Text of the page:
Wu Hung, the Harrie H. Vanderstappen Distinguished Service Professor in Art History and the College, who recently has published a new book, Remaking Beijing, was interviewed for an article about China’s national icon—the 15-by-20-foot painting of Chairman Mao that hangs in Tiananmen Square in Beijing. The article appeared in the Sunday, May 28 New York Times. “This is the most important painting in China,” said Wu. “This is not an artistic judgment. But look at how many people have seen this image over the last century.” The article described a recent controversy in China over the proposed auction of another official painting of Mao. The controversy also prompted the question ‘who painted Mao’s official portrait?” According to Wu, the official portrait of Mao, which went through many subtle changes, was actually painted by more than one artist.

    Fourth-year Sonia Wang was featured as one in a series of stories published by the Chicago Tribune about Class of 2006 students. Wang’s story appeared in the Friday, June 2 edition. Wang, who began her studies at the University as a pre-med student, switched her concentration and decided to become a public school teacher after tutoring students at North Kenwood/Oakland Charter School. The University operates the charter school through its Center for Urban School Improvement. “I saw quickly that the students were typecast as those that excel or delinquents. It was happening in the classroom even at a very young age. My head was churning after that experience, and I just finally decided that med school is great for some people, but not for me.”

    John Cacioppo, the Tiffany and Margaret Blake Distinguished Service Professor in Psychology and the College, commented on current research on an individual’s ability to transmit their emotions—either positive or negative—onto another person. The Washington Post published the article Tuesday, May 30. If the emotions are negative, the person on the receiving end may need to learn some coping strategies to avoid someone else’s negativity. Cacioppo explained that humans unconsciously have a tendency to mimic and synchronize another’s facial expressions, posture, body language and speech rhythms. “The more expressive and sincere someone is, the more likely you are to see that expression and mimic it,” he said. “The muscle fibers [in the face and body] can be activated unbeknownst to you, at much lower levels than if you were to express those movements yourself initially.”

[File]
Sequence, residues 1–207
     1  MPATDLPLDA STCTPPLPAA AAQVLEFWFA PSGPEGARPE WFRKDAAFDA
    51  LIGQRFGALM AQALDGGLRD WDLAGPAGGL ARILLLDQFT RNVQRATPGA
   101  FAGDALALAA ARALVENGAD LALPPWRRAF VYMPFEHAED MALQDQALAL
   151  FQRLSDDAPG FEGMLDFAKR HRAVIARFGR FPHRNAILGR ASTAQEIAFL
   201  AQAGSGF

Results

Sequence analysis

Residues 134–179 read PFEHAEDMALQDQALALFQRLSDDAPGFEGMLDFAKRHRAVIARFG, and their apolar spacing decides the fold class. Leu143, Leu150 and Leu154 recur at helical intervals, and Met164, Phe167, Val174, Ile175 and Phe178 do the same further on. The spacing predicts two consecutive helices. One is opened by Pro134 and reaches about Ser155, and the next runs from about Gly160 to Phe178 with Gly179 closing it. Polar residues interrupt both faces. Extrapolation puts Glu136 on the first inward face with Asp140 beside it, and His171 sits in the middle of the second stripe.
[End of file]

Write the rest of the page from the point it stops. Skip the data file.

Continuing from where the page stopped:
The newly launched Pritzker Consortium on Early Childhood Development was the subject of a Wednesday, May 24 Chicago Tribune op-ed written by Chicago philanthropist J.B. Pritzker, whose family foundation is providing seed money for the initiative at the Irving B. Harris Graduate School of Public Policy Studies. James Heckman, the Henry Schultz Distinguished Service Professor in Economics and the Harris School, is leading the project, which will involve identifying which child intervention programs are the most beneficial for young children in their early developmental years. Heckman pointed out the economic benefits of aiding children in their earliest years. “Policies that seek to remedy deficits incurred in early years are much more costly than early investments wisely made.”

    The Smart Museum of Art’s new exhibition The Colors of Identity, featuring more than 60 paintings, sculptures and drawings that trace the complex expression of national identity and international perspective that define the critical period of Polish modern art from 1890 to 1939, was included on Three to See on WBEZ-FM Radio. The program, which aired Thursday, May 25, called the exhibition “a profound search for national identity in all of its artistic glory.”

    Matthew Sorrentino, Associate Professor of Cardiology in Medicine, was quoted in a Sunday, May 21 Chicago Tribune story reporting on the cholesterol-lowering drugs known as statins. These medications will likely lower more than patients’ cholesterol levels, as more and more become available in generic formulas. A popular brand-name statin, Zocor, is expected to be on the market as a generic by the end of June. “Zocor has the efficacy that compares to the higher-end statins like Lipitor and Crestor,” said Sorrentino. “If generic Zocor is priced low enough that it can save substantial amounts of money for patients, then I think it can have an impact in the statin marketplace and take away from the branded statins,” said Sorrentino.